by Mike Ratliff
1 Therefore if there is any encouragement in Christ, if there is any consolation of love, if there is any fellowship of the Spirit, if any affection and compassion, 2 make my joy complete by being of the same mind, maintaining the same love, united in spirit, intent on one purpose. 3 Do nothing from selfishness or empty conceit, but with humility of mind regard one another as more important than yourselves; 4 do not merely look out for your own personal interests, but also for the interests of others. 5 Have this attitude in yourselves which was also in Christ Jesus, 6 who, although He existed in the form of God, did not regard equality with God a thing to be grasped, 7 but emptied Himself, taking the form of a bond-servant, and being made in the likeness of men. 8 Being found in appearance as a man, He humbled Himself by becoming obedient to the point of death, even death on a cross. 9 For this reason also, God highly exalted Him, and bestowed on Him the name which is above every name, 10 so that at the name of Jesus EVERY KNEE WILL BOW, of those who are in heaven and on earth and under the earth, 11 and that every tongue will confess that Jesus Christ is Lord, to the glory of God the Father. Philippians 2:1-11 (NASB)
The Bible is very clear that our Lord Jesus Christ is God. He is not a created being. He is not an any way lower than God nor are we humans in any way on His level. I believe the passage I placed at the top of this post makes this very clear. In Philippians 2:1-11, the Apostle Paul used our Lord’s incarnation as an example of humility that we should emulate. For this study, however, we we will focus on vv6-8 which clearly show that our Lord is God, but humbled Himself on behalf of those He came to save. Here are those verses again from the NASB.
6 who, although He existed in the form of God, did not regard equality with God a thing to be grasped, 7 but emptied Himself, taking the form of a bond-servant, and being made in the likeness of men. 8 Being found in appearance as a man, He humbled Himself by becoming obedient to the point of death, even death on a cross. Philippians 2:6-8 (NASB)
6 ὃς ἐν μορφῇ θεοῦ ὑπάρχων
οὐχ ἁρπαγμὸν ἡγήσατο
τὸ εἶναι ἴσα θεῷ,
7 ἀλλʼ ἑαυτὸν ἐκένωσεν
μορφὴν δούλου λαβών,
ἐν ὁμοιώματι ἀνθρώπων γενόμενος·
καὶ σχήματι εὑρεθεὶς ὡς ἄνθρωπος
8 ἐταπείνωσεν ἑαυτὸν
γενόμενος ὑπήκοος μέχρι θανάτου,
θανάτου δὲ σταυροῦ. Philippians 2:6-8 (NA28)
6 who, even though He existed in the form of God,
did not regard a thing to be grasped,
to be equal with God,
7 but He poured Himself out,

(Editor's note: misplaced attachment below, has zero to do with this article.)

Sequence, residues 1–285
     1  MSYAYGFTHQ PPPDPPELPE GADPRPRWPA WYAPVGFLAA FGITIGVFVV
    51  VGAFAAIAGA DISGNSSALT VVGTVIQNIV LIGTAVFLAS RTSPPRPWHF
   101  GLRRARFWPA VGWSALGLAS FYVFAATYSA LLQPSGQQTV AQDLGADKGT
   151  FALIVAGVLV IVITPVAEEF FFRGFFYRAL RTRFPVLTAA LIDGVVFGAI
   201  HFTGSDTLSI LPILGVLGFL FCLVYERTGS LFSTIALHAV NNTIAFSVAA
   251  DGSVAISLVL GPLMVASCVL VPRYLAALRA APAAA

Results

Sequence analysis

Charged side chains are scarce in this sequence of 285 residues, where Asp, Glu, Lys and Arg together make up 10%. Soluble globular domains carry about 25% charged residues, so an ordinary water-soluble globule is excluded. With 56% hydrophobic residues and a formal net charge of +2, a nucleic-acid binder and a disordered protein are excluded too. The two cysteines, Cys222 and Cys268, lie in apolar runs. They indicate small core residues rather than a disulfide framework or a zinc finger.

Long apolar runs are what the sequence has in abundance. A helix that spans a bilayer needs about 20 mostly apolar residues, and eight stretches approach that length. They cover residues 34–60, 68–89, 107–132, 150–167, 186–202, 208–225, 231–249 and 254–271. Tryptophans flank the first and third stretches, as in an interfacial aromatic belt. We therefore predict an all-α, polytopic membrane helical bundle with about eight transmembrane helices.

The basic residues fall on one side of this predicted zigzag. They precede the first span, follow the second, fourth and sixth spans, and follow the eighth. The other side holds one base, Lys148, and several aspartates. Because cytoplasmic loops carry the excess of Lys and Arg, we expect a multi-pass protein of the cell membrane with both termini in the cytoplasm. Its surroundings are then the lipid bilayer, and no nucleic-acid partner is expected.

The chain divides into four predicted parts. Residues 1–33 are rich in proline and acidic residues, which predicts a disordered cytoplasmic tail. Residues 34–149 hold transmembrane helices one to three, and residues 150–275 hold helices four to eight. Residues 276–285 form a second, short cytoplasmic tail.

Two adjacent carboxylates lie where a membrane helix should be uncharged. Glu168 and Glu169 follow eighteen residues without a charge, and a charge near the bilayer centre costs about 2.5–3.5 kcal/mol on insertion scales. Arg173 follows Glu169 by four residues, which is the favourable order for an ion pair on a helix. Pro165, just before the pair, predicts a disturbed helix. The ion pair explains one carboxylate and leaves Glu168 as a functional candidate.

taking the form of a slave,
in the the likeness of men,
and having been found in appearance as a man,
8 He humbled Himself
having become obedient unto death,
and that, a death by a cross. Philippians 2:6-8 (translated from the NA28 Greek text)
The point of contention here is, of course, in v6 where some scholars insist that this does not refer to the preexistence of Christ as part of the Triune Godhead prior to His incarnation as Jesus Christ. However, to assert this requires us to take a completely unnatural and “out of context” view of this passage. This is why I put the whole passage at the top of the post. In any case, the words translated in the NASB as “form of God” are the words μορφῇ θεοῦ (morphē theou).The word μορφῇ means the true and exact nature of something, possessing all the characteristics and qualities of something. Paul is telling us that Jesus Christ possesses all the characteristics and qualities of God and is, therefore, equal with God. However, Paul goes right from there to show that our Lord took the μορφὴν δούλου in v7. Here we have the accusative, singular form of μορφῇ. This form means that the direct object receives the action of the verb. Our Lord Jesus is the direct object while δούλου is the genitive, singular form of δοῦλος, which we have looked at many times. It is the word for bondservant or slave. The genitive form speaks of what we refer to in English as the “possessive case.” The genitive has many functions, but one, I think, fits this. It can indicate a familial relationship between a word and its head noun (relationship). Often the head noun is not expressed, so it is up to the translator’s skills to determine the exact nature of the the relationship. Just whose δοῦλος was our Lord Jesus? Was he the bondservant of sinful men? When it was not yet His time to fulfill His mission, no one could kill Him so, no. He was the δοῦλος of those for whom He came to purchase with His life, however, no one ordered Him around like a slave, He humbled Himself to serve them. Does this make sense? In this, He is our example.
Our Lord, even though He is God, took on the form of a slave on our account. However, even in that state, He never ceased being God. He could have claimed that at any time, but did not, and He obediently went to the Cross, sinless and in complete fulfillment of the Law. Both of these things are what bought salvation for all who belong to Him. Go back to the top of this post and read what the result is in this total victory.
Soli Deo Gloria!